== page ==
Outdoor-Lovers Guide to Northwest Montana Northwest Montana has world-class hiking and rafting—not to mention huckleberry milkshakes that'll knock your boots off. Budget Travel Tuesday, Jun 17, 2008, 12:00 AM Budget Travel LLC, 2016


Outdoor-Lovers Guide to Northwest Montana

Northwest Montana has world-class hiking and rafting—not to mention huckleberry milkshakes that'll knock your boots off.

Heading north along the outskirts of Glacier National Park, we stop at a store and shell out $50 for a can of bear spray, which is similar to pepper spray and repels bears at a distance of up to 25 feet. We plan to spend the night in the town of Polebridge, just outside the park. The word "town" is a bit of an exaggeration; it's really just a collection of cabins clustered around a 1914 general store named thePolebridge Mercantile(everyone calls it the Merc). The isolation of Polebridge is part of its appeal. Ellie and I gaze at the mountains in the distance as we sit on the Merc's porch, eating huckleberry macaroons and raspberry sugar cookies, and bonding with Zasha (a.k.a. Tripod), the resident three-legged dog.

We then walk over to theNorth Fork Hostelto check in to our cabin. The owner, Oliver Meister, has braided pigtails and a German accent, both of which strike me as unusual for the area. But it seems that eccentricities are commonplace here. "Nobody is normal in Polebridge," says a local named Crazy Davey, who has just woken up from a nap on the hostel's couch. (It seems like a good idea not to ask how he got his name.) Our cabin, Klondike Kate, doesn't have much more than a bed, a couch, and a small space heater. In the middle of the night, I make a cold run to the outhouse and realize just how far away from civilization we actually are—the sky is a thick blanket of stars.

Glacier Raft Co.
West Glacier, 406/888-5454, glacierraftco.com, half-day trip $46

North Fork Hostel
80 Beaver Dr., Polebridge, 406/888-5241, nfhostel.com, from $40

Polebridge Mercantile
265 Polebridge Loop, Polebridge, 406/888-5105

The Conrad Mansion Museum
300 Woodland Ave., Kalispell, 406/755-2166, conradmansion.com, $8

Ellie and I chat some more with Crazy Davey at the Merc as we fuel up on pecan-crusted sticky buns and triple-berry turnovers before our hike in the morning. The main road intoGlacier National Park is the Going-to-the-Sun Road. It climbs to an elevation of 6,646 feet at Logan Pass in the Rockies' Lewis Range, which runs along the Continental Divide. The road project began in 1918 and took over 10 years to complete; in one part, workers had to bore a 400-foot-long tunnel through the mountainside—by hand.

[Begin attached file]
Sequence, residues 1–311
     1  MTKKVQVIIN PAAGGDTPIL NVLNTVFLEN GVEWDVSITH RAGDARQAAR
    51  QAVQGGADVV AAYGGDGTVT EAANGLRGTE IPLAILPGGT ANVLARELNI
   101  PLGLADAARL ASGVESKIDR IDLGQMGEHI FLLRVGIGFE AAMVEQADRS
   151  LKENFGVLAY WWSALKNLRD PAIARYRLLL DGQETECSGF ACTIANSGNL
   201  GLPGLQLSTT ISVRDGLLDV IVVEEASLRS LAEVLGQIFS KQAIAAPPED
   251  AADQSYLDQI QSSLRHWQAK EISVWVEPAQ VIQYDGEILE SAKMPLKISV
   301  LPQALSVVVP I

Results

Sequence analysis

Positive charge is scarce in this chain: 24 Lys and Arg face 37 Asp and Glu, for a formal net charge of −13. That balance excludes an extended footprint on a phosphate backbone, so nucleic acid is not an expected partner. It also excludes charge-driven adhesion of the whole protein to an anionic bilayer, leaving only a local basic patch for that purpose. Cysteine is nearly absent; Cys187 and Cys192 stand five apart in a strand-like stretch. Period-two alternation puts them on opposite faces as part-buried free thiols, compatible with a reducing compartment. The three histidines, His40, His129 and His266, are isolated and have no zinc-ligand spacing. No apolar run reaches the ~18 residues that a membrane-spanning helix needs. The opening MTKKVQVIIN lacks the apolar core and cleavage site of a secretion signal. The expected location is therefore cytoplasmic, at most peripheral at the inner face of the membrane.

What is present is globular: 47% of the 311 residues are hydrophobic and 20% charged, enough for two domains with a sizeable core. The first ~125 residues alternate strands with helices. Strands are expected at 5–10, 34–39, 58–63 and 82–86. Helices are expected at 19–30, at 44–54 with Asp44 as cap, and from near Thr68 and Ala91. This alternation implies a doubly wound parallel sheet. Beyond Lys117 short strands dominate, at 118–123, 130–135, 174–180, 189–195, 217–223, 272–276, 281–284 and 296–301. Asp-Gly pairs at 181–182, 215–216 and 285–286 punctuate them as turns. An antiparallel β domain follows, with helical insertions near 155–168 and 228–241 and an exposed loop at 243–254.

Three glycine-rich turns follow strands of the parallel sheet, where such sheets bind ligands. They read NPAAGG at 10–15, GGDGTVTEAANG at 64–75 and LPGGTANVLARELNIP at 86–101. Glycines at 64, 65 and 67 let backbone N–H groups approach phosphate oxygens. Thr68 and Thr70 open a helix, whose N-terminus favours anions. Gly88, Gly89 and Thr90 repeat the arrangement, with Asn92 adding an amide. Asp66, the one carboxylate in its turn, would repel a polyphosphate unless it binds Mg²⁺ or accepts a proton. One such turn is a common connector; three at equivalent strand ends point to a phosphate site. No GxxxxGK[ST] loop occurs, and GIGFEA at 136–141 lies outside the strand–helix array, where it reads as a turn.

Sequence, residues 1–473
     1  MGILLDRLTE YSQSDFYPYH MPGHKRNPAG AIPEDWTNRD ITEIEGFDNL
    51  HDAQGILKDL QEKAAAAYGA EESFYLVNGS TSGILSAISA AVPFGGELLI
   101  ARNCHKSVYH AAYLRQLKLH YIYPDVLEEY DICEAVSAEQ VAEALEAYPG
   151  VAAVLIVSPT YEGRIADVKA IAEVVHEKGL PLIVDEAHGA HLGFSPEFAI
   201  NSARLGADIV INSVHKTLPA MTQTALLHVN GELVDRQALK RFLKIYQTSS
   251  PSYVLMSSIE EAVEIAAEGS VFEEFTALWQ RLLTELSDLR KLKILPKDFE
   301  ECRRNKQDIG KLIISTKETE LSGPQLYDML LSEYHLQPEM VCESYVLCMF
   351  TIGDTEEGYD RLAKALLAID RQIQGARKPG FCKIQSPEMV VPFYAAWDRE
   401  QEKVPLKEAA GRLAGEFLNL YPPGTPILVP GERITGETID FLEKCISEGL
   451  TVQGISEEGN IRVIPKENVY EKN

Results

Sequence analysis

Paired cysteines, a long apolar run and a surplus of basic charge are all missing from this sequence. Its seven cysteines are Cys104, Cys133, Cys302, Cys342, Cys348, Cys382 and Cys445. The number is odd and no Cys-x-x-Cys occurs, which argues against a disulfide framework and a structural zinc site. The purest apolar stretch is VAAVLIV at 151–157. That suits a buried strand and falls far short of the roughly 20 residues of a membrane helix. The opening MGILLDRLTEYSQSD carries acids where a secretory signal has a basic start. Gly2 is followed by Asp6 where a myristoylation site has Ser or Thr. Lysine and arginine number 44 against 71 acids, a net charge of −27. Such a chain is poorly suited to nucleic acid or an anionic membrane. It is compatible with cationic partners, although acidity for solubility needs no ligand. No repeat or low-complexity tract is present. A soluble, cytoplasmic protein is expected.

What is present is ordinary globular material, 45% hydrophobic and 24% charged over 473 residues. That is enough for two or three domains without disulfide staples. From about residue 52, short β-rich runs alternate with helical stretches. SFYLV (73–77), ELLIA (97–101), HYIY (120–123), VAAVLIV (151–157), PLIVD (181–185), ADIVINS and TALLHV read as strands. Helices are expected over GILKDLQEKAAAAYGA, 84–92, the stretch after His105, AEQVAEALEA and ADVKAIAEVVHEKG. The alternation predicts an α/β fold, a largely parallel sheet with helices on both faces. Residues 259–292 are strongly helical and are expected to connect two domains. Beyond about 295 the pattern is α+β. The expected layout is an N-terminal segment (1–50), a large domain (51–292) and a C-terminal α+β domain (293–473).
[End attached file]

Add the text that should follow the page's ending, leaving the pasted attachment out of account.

A naturalist at the Logan Pass visitors center tells us how rapidly the glaciers are disappearing from the park as a result of global warming. Scientists believe there are at least 26 glaciers left, but research is being conducted to determine if there are actually fewer. The last glacier is also now predicted to melt by 2020, 10 years earlier than previously expected. We're pretty dispirited when we set off on the three-mile hike down to Hidden Lake. The scenery, however, astounds us: The pristine lake is ringed by pink and blue wildflowers, and the razor-thin ridges, or arêtes, caused by the glaciers look as if they rose out of the ground in a sudden rush.

By the time we reach theMany Glacier Hotel, a 1914 lakefront lodge located inside the national park, we're ready for bed. We pause on the porch to take in the view of Swiftcurrent Lake and the purple and blue Rocky Mountains before turning in.

Many Glacier Hotel
406/892-2525, glacierparkinc.com, $135

Glacier National Park
406/888-7800, nps.gov/glac, weeklong car pass $25

We're up early to catch two of theGlacier Park Boat Co.'s ferries—across Swiftcurrent Lake and Lake Josephine—to tackle an eight-mile (round trip) trek to Grinnell Glacier, the most accessible of the glaciers in the park. Even though we're carrying our bear spray, Ellie and I still hoot and holler at the top of our lungs to scare away any bears as we start out on the trail. I feel a little silly, but we appear to be the first people in the woods this morning.

I can feel the glacier long before I see it; the wind carries gusts of super-cold air down the slopes of the mountain, enticing Ellie and me as we hike up the trail. When we arrive, the landscape is other­worldly. A gray-green lake of glacial melt-off lies before us, studded with huge chunks of floating ice. Beyond that is the glacier itself, which looks like a giant sheet of dirty ice. Ellie and I sit on a rock that juts into the water and eat the peanut-butter-and-banana sandwiches we brought with us. We're both wearing several layers of thick clothing, but we can still feel the chilly air against our skin. After admiring the glacier for about 20 minutes, we hurriedly scuttle down the mountain and board the ferry to go back to the Many Glacier Hotel, where our car is parked.


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